Also, in the mid-1980s, growers adopted Bordeaux standards and began to plant vines closer to together and on a trellising system that maximized ripeness. However, the tannins were too aggressive, so California growers delayed harvesting to soften the wine. Adjustments have since been made, but the ripeness and the resulting alcohol remains.
More influential to this trend is a shift in style that was provoked – and still rewarded – by renown wine critics. Robert Parker Jr. in particular awarded high scores to showy wines with more alcohol, ripe fruit and subdued tannins. Consumers loved the more approachable style, so winemakers delivered. It wasn’t long before cult producers – Screaming Eagle, Colgin, Abreu, Harlan Estate and more – were getting 100-point scores from Parker and selling their low-production wines for $500 or more. This shift in alcohol levels and style applies mostly to red wines, pinot noir and cabernet sauvignon in particular.
Although their style means the wines don’t require years of aging to be enjoyed, there is debate over whether they are suitable for dinner. Tannins – which make the mouth pucker – aren’t easy to swallow in a cabernet sauvignon aperitif but they marry well with a juicy steak. An extracted California pinot noir makes for a better dessert by itself than a match to delicate sauces at a gourmet dinner. The poor food pairing comes from a lack of acidity, which is needed to offset fat and sweetness.
Europeans don’t care much for this style of wine, although many of them did succumb to Parker’s influence to achieve better scores. We’ve noticed a widening gap between red and white wines from Burgundy versus those from California.
Said Daniel Daou of Daou Vineyards in Paso Robles, ““Asians and Europeans don’t like California wines – that’s a fact --because California wines don’t cut through the acidity of food. Jammy wines don’t do that.”
All of this should help guide you in choosing a wine. Know the alcohol levels in wine and assume it is understated before you embark on dinner out. Understand the impact of this style of wine on the food you intend to serve. If your food has body – beef or a hearty stew, for instance -- your wine should have body. If, however, the food or sauce is delicate – think Dover sole or duck – look for a delicate wine. Wines with high alcohol and bold fruit are not delicate.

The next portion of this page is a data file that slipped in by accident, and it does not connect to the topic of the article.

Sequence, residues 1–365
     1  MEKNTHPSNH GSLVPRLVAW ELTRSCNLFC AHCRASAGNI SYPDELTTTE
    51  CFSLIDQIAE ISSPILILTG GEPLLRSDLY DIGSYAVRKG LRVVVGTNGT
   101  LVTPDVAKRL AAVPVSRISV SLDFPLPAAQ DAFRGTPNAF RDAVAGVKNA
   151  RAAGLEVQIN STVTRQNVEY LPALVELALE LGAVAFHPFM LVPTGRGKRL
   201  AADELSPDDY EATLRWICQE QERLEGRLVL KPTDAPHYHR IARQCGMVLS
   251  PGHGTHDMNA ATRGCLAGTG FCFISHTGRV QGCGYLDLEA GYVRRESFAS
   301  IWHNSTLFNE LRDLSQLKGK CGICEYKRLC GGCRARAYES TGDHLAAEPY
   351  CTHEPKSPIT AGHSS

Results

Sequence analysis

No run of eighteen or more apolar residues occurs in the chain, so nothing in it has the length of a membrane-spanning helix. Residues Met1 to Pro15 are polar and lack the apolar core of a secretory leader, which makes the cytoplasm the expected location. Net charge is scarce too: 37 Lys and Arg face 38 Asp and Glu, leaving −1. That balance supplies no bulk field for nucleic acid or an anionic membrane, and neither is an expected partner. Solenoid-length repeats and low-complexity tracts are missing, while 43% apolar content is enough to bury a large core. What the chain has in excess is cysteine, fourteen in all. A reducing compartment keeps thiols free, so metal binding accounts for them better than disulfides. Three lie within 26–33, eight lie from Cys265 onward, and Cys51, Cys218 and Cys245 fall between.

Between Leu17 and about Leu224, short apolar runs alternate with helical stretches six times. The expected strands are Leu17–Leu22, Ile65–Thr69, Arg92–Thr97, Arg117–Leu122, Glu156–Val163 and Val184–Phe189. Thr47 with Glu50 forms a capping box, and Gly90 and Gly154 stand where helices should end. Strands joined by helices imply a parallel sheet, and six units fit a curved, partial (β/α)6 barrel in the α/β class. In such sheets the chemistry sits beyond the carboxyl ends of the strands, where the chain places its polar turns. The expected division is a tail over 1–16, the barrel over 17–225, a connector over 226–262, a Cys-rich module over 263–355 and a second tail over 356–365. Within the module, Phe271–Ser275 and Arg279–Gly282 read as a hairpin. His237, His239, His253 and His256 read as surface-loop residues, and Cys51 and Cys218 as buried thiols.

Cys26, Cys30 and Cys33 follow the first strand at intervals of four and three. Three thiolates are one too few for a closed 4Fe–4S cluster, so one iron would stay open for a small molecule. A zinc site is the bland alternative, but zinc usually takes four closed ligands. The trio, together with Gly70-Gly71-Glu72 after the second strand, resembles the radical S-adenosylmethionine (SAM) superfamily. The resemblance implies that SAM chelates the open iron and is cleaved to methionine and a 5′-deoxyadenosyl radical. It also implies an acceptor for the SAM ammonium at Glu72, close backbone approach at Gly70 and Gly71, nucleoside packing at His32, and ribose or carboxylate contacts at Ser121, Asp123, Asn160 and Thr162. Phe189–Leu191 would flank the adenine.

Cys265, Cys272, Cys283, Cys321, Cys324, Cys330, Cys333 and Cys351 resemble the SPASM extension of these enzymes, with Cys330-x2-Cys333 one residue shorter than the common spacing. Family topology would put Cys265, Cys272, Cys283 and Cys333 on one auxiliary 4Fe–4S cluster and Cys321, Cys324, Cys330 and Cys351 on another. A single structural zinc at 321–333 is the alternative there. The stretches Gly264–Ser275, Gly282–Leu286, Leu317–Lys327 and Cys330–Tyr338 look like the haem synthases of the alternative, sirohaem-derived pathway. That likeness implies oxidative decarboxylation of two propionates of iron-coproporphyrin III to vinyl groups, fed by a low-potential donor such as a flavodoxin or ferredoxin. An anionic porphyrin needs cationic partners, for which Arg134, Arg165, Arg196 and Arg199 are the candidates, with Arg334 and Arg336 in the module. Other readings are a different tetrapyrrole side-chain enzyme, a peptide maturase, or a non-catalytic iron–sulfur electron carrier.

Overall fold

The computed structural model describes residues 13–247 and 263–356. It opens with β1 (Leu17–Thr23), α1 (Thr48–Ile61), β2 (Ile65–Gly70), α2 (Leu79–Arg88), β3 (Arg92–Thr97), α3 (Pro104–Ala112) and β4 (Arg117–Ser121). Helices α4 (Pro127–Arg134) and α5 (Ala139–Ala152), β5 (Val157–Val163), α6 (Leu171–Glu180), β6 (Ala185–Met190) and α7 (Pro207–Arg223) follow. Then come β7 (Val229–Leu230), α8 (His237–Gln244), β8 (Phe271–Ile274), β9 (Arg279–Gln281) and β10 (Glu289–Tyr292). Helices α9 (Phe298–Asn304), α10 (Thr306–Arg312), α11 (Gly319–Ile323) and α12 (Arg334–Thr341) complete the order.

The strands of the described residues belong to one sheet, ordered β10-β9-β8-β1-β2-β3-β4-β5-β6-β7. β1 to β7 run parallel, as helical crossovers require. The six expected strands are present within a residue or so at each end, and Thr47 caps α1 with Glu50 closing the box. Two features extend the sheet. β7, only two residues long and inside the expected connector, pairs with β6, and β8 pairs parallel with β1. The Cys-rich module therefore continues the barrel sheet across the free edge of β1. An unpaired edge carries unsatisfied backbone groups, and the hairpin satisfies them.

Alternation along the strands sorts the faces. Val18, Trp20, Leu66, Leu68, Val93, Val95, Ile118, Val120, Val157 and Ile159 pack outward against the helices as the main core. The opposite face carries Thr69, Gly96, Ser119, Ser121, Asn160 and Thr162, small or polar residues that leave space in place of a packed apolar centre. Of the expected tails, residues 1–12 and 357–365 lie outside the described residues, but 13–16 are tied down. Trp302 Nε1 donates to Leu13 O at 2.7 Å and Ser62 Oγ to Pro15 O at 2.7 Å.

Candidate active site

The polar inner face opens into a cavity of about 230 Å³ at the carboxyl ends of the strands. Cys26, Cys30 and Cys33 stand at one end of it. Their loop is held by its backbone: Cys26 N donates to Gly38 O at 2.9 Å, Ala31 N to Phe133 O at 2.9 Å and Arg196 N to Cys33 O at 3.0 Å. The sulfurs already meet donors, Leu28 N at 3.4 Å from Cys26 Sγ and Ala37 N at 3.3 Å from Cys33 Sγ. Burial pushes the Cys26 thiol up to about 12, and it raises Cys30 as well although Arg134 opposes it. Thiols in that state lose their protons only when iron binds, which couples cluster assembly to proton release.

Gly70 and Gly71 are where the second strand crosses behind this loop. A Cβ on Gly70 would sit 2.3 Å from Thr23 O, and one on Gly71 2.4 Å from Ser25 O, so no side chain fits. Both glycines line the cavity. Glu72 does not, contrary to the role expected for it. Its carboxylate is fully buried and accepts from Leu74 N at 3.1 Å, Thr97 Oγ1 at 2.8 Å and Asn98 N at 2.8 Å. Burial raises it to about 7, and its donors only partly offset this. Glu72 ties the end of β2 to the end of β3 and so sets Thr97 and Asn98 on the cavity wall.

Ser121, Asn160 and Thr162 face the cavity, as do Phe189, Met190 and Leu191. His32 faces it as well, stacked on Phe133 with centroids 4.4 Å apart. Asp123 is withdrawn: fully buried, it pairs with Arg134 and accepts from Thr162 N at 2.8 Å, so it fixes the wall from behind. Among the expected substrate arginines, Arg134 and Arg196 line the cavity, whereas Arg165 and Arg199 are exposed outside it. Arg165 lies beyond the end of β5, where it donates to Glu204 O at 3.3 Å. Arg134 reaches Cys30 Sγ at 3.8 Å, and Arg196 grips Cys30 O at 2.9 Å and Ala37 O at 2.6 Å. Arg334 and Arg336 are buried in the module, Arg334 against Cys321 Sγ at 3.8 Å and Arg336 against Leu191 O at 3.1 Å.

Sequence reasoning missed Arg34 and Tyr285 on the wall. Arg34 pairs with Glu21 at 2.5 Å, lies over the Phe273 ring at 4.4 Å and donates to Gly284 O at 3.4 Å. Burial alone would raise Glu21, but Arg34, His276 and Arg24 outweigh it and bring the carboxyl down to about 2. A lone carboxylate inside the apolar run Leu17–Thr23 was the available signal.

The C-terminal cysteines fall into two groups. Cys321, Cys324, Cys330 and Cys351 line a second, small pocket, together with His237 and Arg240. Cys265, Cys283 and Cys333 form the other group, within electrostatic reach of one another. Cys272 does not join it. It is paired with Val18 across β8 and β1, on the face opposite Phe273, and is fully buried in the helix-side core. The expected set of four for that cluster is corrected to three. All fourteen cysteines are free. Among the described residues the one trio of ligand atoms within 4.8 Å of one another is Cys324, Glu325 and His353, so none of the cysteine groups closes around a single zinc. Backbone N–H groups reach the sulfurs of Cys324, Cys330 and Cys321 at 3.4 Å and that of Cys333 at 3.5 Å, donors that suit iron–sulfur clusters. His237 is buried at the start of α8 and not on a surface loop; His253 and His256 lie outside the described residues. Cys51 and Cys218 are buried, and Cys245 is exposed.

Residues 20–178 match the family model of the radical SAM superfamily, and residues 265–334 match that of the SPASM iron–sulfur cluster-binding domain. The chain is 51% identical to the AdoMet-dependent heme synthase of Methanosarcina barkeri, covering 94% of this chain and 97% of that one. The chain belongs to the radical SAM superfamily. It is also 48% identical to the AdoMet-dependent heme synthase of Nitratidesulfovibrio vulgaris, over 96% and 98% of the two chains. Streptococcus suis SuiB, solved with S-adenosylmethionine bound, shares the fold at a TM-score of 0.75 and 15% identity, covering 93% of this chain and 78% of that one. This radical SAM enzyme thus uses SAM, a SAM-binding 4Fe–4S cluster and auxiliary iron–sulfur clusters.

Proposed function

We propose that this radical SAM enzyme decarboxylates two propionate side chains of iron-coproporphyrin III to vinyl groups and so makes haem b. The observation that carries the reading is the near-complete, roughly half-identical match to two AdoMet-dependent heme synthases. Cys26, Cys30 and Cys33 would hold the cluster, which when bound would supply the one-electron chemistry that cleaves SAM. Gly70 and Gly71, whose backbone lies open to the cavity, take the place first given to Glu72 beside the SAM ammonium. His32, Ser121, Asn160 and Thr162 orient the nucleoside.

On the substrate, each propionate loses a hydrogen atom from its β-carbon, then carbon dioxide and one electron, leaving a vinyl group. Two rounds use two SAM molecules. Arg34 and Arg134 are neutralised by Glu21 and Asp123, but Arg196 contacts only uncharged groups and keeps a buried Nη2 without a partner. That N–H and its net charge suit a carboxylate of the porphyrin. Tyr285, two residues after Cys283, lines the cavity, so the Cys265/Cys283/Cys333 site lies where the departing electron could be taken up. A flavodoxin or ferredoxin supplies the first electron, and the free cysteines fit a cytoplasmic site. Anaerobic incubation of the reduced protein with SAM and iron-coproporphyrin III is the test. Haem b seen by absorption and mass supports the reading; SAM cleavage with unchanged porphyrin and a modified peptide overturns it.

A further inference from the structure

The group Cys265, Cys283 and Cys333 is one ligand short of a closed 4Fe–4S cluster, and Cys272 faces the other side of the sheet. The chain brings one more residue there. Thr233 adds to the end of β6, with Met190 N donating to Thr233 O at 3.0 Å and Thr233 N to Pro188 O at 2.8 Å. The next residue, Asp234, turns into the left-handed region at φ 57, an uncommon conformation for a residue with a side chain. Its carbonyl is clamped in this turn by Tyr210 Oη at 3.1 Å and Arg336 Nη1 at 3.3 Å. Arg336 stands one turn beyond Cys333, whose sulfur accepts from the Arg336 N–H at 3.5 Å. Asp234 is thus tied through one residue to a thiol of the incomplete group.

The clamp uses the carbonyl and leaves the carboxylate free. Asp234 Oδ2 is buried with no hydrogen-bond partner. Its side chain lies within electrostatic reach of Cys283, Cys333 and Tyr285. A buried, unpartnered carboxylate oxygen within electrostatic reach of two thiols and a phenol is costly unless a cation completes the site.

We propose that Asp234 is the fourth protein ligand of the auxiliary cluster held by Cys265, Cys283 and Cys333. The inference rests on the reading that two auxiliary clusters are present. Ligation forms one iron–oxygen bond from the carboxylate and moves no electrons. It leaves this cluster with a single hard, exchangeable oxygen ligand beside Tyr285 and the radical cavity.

Jean Dauvissat Vendage Chablis 2018 ($28). Dauvissat makes some of the best, most exclusive chablis in France. This moderately priced version draws chardonnay from several parcels and shows a good balance between the classic minerality and a richness that defies the often-austere character of chablis. Apple and lemon notes.
Gary Farrell Olivet Lane Vineyard 2019 ($45). From the Russian River Valley, this delicious and rich chardonnay unveils citrus and grapefruit aromas and stone-fruit flavors with a good dollop of toasty oak notes.
Cliff Lede Napa Valley Stags Leap District 2019 ($82). From the estate’s Poetry Vineyard, this wine – blended with a little merlot, cabernet franc and petit verdot – is rich and long in the finish with a velvet mouthfeel, ripe blackberry flavors, a touch of mineral and fine tannins.